Phytoliths and Microcharcoal from East African Lake Sediments Used to Reconstruct Plio-Pleistocene Vegetation and Hydroclimate
AuthorYost, Chad Lambert
AdvisorCohen, Andrew S.
MetadataShow full item record
PublisherThe University of Arizona.
RightsCopyright © is held by the author. Digital access to this material is made possible by the University Libraries, University of Arizona. Further transmission, reproduction, presentation (such as public display or performance) of protected items is prohibited except with permission of the author.
EmbargoRelease after 04/01/2021
AbstractGlobal climate is changing at a rate that is unprecedented for the modern era, and atmospheric CO2 is at a level that has not been seen in ~3 million years. Recorded climate observations extend back only ~130 years. In order to understand how the Earth system may respond to present and future levels of CO2 forcing, we need to interpret ancient archives of climate and vegetation. The study of human evolution also involves studying past climate and vegetation, as it may have been influenced by climate change. Reconstructing past climate and vegetation often requires the use of robust molecular and microscopic fragments of plants. This dissertation uses microscopic plant opal silica phytoliths and microscopic charcoal from East Africa to reconstruct vegetation and hydroclimate for three important places and times in Earth and human history: (i) the Lake Malawi region after the Mount Toba supereruption at ~74 ka, (ii) the mid-Piacenzian Warm Period (MPWP) and the Plio-Pleistocene transition (3.29–2.57 Ma) in the Baringo Basin, Kenya, and (iii) the early Pleistocene (1.87–1.38 Ma) in the Turkana Basin, Kenya. These three study sites were investigated by drilling ancient lake sediments to recover soft sediment cores. From these cores, a total of 1029 samples were analyzed for phytoliths and microcharcoal. For the Mount Toba supereruption, we found no change in low elevation tree cover, or change in cool climate C3 and warm season C4 xerophytic and mesophytic grass abundance that was outside of normal variability for samples synchronous or proximal to the eruption. A spike in locally derived macrocharcoal and xerophytic C4 grasses immediately after the Toba supereruption indicated reduced precipitation and die-off of at least some afromontane vegetation, but did not signal volcanic winter conditions as had been hypothesized. For the Baringo Basin during the MPWP (3.26–3.01 Ma), which is the last time global atmospheric CO2 in a warm world was at levels similar to today, intervals with exceptionally high microcharcoal influx suggest regional turnover from woody to open habitats was driven in part by fire. After ~3.0 Ma, low elevation woody cover likely never exceeded 40% and mesic tall-grass vs. xeric short-grass savanna varied at precessional periodicities. For the Turkana Basin during the early Pleistocene, spectral analysis found that microcharcoal varied at precession (23–19 kyr), half-precession (9.6 kyr), and quarter-precession (5.1 kyr) periodicities, and linked orbital-forced peaks in precipitation with elevated fire on the landscape. Phytoliths show that C4 mesic and C4 xeric grasses varied at precession and quarter-precession periodicity. Identification of the Natoo Tuff in WTK13 allowed a direct linkage to the Nariokotome Boy Homo erectus/ergaster site. At the time that the Nariokotome Boy walked this ancient landscape, phytoliths indicate that the area was a seasonally wet and open environment dominated by short stature C4 Chloridoideae grasses, sedges, and other herbaceous plants.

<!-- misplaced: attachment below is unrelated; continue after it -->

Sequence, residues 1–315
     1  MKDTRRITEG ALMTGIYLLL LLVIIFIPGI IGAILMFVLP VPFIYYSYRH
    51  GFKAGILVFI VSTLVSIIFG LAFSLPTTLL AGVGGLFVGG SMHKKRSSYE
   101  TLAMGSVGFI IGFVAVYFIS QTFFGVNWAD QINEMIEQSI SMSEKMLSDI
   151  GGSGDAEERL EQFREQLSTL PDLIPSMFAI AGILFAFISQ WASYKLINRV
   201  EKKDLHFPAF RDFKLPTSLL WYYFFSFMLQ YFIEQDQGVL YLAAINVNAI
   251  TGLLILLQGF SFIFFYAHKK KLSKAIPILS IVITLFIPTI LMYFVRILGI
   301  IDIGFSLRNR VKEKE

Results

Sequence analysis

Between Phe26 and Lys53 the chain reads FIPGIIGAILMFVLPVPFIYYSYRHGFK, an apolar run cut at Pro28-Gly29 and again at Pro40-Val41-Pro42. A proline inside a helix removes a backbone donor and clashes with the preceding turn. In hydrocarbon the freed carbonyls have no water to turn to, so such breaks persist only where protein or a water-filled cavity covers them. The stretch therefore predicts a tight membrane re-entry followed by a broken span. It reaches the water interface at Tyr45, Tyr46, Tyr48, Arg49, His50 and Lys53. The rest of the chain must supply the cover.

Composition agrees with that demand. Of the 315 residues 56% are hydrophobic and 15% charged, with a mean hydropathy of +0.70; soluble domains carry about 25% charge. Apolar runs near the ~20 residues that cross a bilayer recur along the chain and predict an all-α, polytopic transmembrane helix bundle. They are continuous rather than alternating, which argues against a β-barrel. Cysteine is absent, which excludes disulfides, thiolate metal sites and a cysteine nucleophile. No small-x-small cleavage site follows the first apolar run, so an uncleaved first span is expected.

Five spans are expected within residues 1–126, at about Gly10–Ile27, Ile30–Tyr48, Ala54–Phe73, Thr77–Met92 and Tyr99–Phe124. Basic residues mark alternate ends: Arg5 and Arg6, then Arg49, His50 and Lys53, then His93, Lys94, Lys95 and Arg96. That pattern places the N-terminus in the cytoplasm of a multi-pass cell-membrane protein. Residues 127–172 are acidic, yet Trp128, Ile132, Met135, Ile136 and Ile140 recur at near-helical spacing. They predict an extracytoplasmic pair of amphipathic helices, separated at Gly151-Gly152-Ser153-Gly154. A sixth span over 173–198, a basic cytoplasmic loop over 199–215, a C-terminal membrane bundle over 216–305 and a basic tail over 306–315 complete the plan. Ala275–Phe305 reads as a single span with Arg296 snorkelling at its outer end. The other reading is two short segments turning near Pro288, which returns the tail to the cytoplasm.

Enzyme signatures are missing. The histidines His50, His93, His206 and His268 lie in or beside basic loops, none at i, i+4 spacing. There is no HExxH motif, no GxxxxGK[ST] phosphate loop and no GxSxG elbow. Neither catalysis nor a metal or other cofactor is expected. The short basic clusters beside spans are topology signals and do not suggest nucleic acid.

Degree ProgramGraduate College